I didn’t want to begin my son’s first day of school as the angry, demanding parent of the kid who needs some special attention and accommodations. If you start at a ten there’s nowhere to go for when the big problems come up . To build a reputation as a reasonable and understanding parent who understands the challenges that educating a child like Liam can present. By starting the school year with this many big problems they are robbing me the opportunity to build that reputation.
We were supposed to be celebrating Liam’s first day of school.
It wasn’t supposed to begin this way.
Tomorrow is orientation day. I know this because I am looking at the letter that the school department sent to us in May. It was the last time we received anything from the school department that mentions the start of school. And I quote…
This year Kindergarten begins on Wednesday, September 10th; however, on Thursday, September 4th, we will have a “Welcome” meeting at 10:00am, where you and your child will be invited to meet the principal and teachers, visit the kindergarten classrooms, and discuss the expectations of kindergarten for your child. In addition, while there, we require that you schedule a 30 minute appointment so that the teachers can administer a short screening test. Appointments can be scheduled Thursday, September 4th in the afternoon, or anytime (9-3) on Friday, September 5th or Monday, September 8th. There is no school on Tuesday, September 9th.
Well that was the last communication we received about the start of school until the phone call today. It’s always the damn phone.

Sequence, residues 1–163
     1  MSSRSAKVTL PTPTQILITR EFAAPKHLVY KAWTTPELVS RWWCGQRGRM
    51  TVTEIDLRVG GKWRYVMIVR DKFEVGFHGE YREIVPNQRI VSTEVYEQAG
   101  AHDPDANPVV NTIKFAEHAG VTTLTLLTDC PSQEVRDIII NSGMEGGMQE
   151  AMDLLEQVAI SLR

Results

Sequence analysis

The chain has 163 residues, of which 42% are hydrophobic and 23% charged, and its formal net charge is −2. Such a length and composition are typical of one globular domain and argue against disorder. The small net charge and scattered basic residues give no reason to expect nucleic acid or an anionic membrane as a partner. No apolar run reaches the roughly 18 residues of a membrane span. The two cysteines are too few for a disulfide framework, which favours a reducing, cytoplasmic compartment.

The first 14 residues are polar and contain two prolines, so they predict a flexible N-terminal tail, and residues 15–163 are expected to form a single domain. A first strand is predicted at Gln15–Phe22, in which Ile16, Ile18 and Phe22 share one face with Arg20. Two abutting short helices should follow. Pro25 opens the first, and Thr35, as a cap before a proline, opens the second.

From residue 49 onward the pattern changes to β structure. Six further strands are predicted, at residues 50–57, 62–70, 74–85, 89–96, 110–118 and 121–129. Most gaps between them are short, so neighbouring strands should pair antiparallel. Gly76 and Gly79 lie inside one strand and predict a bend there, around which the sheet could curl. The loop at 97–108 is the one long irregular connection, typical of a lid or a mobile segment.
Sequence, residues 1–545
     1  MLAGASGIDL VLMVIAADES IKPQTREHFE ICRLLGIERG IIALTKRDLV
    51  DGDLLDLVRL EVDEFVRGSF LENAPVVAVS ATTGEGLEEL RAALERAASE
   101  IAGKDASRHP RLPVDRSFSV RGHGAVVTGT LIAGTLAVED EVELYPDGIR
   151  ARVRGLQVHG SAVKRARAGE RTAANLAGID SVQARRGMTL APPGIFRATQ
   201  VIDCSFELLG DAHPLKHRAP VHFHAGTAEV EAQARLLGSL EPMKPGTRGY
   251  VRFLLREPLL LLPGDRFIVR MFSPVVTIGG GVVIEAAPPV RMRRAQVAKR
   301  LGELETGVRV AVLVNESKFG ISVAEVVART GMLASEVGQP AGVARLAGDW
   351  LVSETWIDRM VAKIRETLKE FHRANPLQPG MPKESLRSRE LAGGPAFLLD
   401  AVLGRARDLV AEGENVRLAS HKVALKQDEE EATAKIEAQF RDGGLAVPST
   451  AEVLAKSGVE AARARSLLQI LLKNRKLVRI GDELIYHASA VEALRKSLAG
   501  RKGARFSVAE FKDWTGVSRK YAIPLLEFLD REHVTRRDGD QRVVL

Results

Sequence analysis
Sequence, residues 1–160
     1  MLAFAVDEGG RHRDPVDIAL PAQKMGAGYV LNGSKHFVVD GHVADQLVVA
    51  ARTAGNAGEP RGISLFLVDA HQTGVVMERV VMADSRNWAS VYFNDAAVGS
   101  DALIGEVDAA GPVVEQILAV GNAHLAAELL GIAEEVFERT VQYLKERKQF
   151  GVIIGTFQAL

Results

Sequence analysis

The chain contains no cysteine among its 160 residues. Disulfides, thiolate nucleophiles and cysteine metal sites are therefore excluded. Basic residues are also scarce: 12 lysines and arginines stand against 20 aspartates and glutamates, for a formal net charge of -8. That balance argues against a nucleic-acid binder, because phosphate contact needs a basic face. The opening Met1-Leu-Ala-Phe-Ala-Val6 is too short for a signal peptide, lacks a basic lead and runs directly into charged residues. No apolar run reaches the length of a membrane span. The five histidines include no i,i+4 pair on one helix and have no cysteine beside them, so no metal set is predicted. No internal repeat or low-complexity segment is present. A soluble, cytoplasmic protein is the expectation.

This time it was Liam’s teacher. Knowing that in our IEP we discussed a modified schedule (going in late) to start the year she had called to discuss what time Liam would be coming to school. During a frustrating conversation trying to decifer what the best time for the class would be (during a classroom or activity change so as not to disrupt things more than we already are) the teacher and Karin settled on 11:00am. Which was when the teacher then explained that she’d see him in class for his first day of school tomorrow.
No, no, no tomorrow is orientation day. Our “Welcome” meeting. The letter is on the fridge. The dates are circled on the calendar. The 10th is the first day of school. I used a vacation day from work for it. We called in favors to get nursing coverage because our nurse needed the 10th off for an important obligation. We were augmenting Liam’s sleep and seizure med schedule to prepare. We scheduled doctors appointments for this week. We were doing everything we could possibly do to make sure that Liam doesn’t miss the first day of school, including planning on bringing him in at the normal time on the 10th and seeing how he did with a full day on his first day. The 10th was the first day of school. Tomorrow is orientation day.
“Well not for the special education kids. The inclusive classroom first day of school is tomorrow.”
And that is how the school department decided to communicate to us that Liam’s class was different from all the other kids. Liam’s class didn’t get any communication. Liam’s class didn’t get to have a’ “Welcome” meeting with their teacher and principal to discuss the expectations of kindergarten for our child’. Liam’s class didn’t get to fully prepare themselves for the first day of school. Instead we got about 20 hours of notice.
Karin explained that we have friends whose children are in the same class and also expected to begin school on the 10th, including one particular child who would benefit greatly from seeing his classroom before the start of the school year. The teacher seemed put off not by the news of this huge